National Register of Historic Places in San Francisco
The Irving Murray Scott School, the oldest surviving public schoolhouse in San Francisco, stands in the flatlands between Potrero Hill and the Bay along the Third Street Corridor in an old, traditionally blue-collar neighborhood known as Dogpatch.
In 1877, the San Francisco School Department built an eight-room schoolhouse on this property to accommodate the expanding workforce of heavy industries on the waterfront: Tubbs Cordage Company, San Francisco Gas Light Company, Union Iron Works, American Barrel Company, Western Sugar Refinery, Pacific Rolling Mills.
In 1895 the school was expanded with the construction of the surviving building and was renamed after the superintendent of Union Iron Works, Irving Murray Scott, who contributed money for its construction. The school served the needs of Dogpatch residents by emphasizing manual trades for the boys and homemaking skills for the girls.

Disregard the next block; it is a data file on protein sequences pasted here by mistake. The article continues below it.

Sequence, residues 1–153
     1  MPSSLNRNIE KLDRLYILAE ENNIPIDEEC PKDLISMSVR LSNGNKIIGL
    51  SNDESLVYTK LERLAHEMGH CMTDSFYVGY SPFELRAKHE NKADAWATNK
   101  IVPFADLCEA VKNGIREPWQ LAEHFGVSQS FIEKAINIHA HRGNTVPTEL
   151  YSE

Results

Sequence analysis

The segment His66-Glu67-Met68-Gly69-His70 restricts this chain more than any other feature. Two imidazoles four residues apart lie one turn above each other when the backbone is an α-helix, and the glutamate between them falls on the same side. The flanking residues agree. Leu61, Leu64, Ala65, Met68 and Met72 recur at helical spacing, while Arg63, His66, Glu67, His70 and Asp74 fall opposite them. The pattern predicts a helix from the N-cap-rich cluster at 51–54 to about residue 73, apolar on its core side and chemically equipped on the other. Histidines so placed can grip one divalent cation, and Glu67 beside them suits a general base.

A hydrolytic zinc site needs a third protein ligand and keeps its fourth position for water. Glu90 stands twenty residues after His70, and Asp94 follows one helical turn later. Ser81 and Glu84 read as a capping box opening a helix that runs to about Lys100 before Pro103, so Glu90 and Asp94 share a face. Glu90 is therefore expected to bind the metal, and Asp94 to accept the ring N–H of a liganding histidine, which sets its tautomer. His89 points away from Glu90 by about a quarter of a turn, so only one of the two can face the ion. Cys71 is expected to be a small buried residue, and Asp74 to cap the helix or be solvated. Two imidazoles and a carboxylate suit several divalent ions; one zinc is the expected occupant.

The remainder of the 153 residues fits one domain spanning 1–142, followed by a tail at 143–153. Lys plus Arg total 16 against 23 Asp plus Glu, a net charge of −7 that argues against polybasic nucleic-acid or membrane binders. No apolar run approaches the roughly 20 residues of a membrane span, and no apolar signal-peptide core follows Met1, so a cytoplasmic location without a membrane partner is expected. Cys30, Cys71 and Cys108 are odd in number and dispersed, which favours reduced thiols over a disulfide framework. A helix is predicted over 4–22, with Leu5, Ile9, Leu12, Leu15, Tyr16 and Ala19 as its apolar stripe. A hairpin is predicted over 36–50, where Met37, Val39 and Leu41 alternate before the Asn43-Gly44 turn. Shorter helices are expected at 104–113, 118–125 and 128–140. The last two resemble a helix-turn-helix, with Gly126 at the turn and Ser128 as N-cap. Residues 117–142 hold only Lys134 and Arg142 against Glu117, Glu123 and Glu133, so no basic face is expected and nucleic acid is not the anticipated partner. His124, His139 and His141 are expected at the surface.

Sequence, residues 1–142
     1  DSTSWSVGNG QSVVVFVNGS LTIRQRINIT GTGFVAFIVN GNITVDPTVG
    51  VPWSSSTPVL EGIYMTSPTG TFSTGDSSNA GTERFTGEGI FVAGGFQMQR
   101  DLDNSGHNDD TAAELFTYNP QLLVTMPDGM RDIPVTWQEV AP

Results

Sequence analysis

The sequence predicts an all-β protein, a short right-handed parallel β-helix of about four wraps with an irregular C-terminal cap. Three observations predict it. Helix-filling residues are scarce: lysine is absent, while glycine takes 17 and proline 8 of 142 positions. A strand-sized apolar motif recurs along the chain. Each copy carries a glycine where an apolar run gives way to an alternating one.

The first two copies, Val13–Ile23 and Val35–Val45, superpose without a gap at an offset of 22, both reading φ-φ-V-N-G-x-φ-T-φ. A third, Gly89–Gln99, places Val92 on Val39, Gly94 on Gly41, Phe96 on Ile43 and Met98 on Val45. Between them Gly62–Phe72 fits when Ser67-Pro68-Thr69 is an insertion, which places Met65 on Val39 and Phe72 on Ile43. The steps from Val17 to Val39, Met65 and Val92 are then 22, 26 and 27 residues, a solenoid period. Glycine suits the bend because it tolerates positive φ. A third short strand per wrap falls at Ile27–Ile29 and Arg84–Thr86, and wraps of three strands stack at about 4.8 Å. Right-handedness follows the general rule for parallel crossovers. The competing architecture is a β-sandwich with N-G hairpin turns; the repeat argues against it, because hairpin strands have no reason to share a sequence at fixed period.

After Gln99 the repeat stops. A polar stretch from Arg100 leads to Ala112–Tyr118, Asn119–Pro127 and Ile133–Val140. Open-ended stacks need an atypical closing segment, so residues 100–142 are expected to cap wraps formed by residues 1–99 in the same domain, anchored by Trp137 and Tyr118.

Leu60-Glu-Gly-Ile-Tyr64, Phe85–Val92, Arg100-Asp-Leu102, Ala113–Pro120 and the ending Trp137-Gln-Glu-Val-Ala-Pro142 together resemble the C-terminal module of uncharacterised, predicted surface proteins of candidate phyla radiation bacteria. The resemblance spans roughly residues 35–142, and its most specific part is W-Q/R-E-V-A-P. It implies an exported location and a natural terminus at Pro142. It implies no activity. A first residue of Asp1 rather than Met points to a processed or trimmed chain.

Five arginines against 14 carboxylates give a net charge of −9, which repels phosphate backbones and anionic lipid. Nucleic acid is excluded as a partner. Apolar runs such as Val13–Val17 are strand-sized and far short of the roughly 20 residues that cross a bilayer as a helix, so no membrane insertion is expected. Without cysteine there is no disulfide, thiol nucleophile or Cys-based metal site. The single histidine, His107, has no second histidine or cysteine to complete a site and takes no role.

Dogpatch rode out the 1906 Earthquake and Fire almost unscathed. An impressive number of 19th Century structures remain today, although the neighborhood was hard hit after World War II when heavy industry began to abandon San Francisco.
The Irving Murray Scott School is also San Francisco Landmark 138 and contributes to the Dogpatch Historic District.